New national research from Mainstreet Insights of 1,002 Australians shows that COVID-19 is having a substantial impact on the Aussie spirit, our relationships and spirituality.
COVID-fatigue is impacting the sentiment and compliance of Australians. The second-wave has sapped the optimism that residents of this Lucky Country usually express. There is a sense that there will not be a snap-back to how things were. Three in five Aussies say they feel drained by ongoing restrictions (61%) and 80% have a growing sense we are going to be stuck in this COVID-19 challenge for at least two years.
With many still working from home, seven in ten (70%) have revealed that they are in no rush to get back to their workplace/gatherings in the way that it was.
Australia and mental health, a difficult relationship
Australians are experiencing relational and personal difficulties. Two in five Australians (42%) have experienced tension in their most significant relationships. While four in five (79%) feel that COVID-19 has clarified the relationships within which they want to invest their time into. Alarmingly, almost three in five Australians (58%) have experienced an increase in a feeling of loneliness because of the pandemic.
Dr Lindsay McMillan, Managing Director of Reventure Limited and co-founder with McCrindle of Mainstreet Insights said “Australians have recognised that the COVID-19 battle will not be a quick fight but a drawnout campaign and so understandably most are feeling personally drained. Even worse than the fatigue is the anxiety Australians are feeling around what were once the mainstays of our lives: heading to a workplace or attending a gathering.”
Women are bearing the brunt of the pandemic
Women are disproportionally experiencing the negative effects of the pandemic. Females are more likely than their male counterparts, to have experienced an increase in a feeling of loneliness as a result of the pandemic (61% cf. 55%).
Females are also more likely than males to feel personally drained by ongoing restrictions (66% cf. 56% males), and have a growing sense that they are going to be stuck in the COVID-19 challenge for at least the next two years (83% cf. 76% males).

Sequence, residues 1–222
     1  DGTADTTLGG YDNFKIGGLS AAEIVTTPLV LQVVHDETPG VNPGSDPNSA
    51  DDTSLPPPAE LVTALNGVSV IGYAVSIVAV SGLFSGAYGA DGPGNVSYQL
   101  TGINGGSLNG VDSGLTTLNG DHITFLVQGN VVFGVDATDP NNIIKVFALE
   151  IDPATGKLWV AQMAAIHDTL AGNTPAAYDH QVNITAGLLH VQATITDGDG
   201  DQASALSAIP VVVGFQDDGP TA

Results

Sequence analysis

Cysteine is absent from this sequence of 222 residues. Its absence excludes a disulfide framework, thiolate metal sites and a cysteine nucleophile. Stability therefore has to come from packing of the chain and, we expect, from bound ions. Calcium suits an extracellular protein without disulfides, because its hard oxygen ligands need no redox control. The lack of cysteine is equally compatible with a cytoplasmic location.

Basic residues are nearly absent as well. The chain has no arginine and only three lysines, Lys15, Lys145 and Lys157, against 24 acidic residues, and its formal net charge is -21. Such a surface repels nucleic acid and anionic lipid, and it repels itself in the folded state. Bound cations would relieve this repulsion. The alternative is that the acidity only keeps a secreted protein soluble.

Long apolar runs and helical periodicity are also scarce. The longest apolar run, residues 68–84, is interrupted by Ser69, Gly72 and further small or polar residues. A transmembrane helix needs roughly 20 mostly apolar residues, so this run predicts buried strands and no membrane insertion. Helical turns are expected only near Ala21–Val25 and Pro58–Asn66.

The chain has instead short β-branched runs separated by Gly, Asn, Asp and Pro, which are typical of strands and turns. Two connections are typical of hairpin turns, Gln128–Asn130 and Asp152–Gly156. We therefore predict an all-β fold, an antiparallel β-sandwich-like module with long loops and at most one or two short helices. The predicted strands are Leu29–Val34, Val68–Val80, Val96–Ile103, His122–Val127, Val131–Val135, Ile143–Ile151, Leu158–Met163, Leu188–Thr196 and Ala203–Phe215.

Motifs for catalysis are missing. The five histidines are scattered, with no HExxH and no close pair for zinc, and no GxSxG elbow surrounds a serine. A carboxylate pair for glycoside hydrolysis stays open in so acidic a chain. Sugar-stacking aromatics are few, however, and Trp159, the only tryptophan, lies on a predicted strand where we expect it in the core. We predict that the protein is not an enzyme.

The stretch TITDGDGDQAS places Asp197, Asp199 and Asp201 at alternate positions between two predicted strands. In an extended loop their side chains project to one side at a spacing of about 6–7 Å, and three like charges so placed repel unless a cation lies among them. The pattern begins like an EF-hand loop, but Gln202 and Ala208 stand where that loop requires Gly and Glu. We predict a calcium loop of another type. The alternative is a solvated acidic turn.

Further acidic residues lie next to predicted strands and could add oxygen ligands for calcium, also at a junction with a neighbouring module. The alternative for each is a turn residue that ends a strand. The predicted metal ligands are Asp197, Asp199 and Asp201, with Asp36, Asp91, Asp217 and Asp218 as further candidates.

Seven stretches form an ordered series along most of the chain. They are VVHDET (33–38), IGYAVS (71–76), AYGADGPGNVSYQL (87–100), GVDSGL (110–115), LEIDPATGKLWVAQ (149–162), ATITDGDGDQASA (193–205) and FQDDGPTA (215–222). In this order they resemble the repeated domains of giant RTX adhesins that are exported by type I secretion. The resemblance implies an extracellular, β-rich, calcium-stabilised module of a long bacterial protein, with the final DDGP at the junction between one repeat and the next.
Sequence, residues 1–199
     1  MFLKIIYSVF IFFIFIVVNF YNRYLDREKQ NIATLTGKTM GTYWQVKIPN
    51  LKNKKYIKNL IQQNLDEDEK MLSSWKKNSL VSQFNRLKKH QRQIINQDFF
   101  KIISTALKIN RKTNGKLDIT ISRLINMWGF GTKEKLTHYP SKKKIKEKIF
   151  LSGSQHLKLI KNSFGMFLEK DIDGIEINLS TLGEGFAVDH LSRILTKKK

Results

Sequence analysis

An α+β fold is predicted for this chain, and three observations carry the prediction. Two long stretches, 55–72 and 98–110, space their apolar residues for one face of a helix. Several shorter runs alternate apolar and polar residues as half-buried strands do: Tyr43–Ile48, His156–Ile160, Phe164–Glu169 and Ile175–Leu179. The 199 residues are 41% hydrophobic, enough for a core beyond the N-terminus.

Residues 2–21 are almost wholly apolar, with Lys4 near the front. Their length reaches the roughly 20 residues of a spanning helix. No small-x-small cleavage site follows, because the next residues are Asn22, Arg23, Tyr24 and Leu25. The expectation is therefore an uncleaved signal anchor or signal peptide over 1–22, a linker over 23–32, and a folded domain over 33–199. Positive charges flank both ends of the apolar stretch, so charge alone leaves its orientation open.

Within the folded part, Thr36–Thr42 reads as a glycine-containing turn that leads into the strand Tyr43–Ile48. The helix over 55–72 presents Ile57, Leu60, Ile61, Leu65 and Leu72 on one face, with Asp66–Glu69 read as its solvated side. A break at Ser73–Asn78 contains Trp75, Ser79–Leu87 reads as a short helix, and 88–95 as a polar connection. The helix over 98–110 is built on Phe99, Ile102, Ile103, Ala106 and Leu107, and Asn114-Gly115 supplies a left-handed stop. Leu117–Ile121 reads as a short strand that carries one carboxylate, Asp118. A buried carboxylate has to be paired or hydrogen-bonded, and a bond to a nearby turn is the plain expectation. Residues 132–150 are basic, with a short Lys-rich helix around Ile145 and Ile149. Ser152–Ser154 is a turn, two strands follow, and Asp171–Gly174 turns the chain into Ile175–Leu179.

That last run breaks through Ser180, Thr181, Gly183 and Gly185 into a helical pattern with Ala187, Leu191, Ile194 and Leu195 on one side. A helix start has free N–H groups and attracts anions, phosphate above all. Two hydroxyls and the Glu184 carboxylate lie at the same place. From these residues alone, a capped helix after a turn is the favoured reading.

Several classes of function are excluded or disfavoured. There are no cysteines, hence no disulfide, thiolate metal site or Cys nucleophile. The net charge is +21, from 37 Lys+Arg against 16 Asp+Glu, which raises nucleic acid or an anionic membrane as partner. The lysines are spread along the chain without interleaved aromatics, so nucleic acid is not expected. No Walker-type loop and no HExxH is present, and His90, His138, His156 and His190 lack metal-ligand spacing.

Future Australians greatly affected
Younger generations of Australians appear to be struggling the most amidst the pandemic. Gen Z and Gen Y are the most likely to have experienced tension in their most significant relationships (63% Gen Z, 56% Gen Y cf. 42% Gen X, 22% Baby Boomers, 19% Builders).
Younger generations are also the most likely to have experienced an increase in a feeling of loneliness (78% Gen Z, 68% Gen Y cf. 55% Gen X, 44% Baby Boomers, 42% Builders).
“Although young people have been the least impacted from the health impacts of COVID-19, economically through employment challenges, and socially through cancelled activities and life plans, they have been the most impacted.” – Dr McMillan
Older generations are living it up amidst the pandemic
Older generations seem to be enjoying their spare time. Not only are Builders the least likely to agree they are feeling personally drained by ongoing COVID -19 restrictions (38% cf. 49% Baby Boomers, 59% Gen X, 72% Gen Y, 77% Gen Z), but they are also the least likely to have experienced tension in their most significant relationships compared to other generations (19% cf. 22% Baby Boomers, 42% Gen X, 56% Gen Y, 63% Gen Z).
COVID-19 deepening the inner-life of Australians
While Australians are not known for being self-reflective, this research shows that the current context is creating a more contemplative mood. Almost one in two Aussies (47%) have thought about their mortality more (much/somewhat/slightly), with a similar proportion (47%) thinking about the meaning of life more and three in ten (33%) have thought about God more during the experience of COVID-19.
COVID-19 is increasing faith activities in Australia with one in four Aussie’s engaging in more (much/somewhat/slightly) spiritual conversations (26%) and praying more (28%).
Australian workers are giving the spiritual life a go
One in three Aussie workers are praying more (35%, much/somewhat/slightly) and having spiritual conversations (33%), with a further two in five (41%) thinking about God more and one in four reading the bible more (25%). Aussie workers are also facing the stark realities of COVID-19, with one in two Aussie workers thinking more about their own mortality (53%) and the meaning of life (55%) during their experience of COVID-19.
“While there is a perception that “Australians don’t do religion”, the reality is quite different. Not only are Australians engaging in spiritual pursuits, they are engaging even more in faith practices since COVID-19. This research backs up what I’m seeing consistently in my work: most workers are spending more time thinking about purpose and meaning, God conversations are up, as is prayer.” Dr McMillan.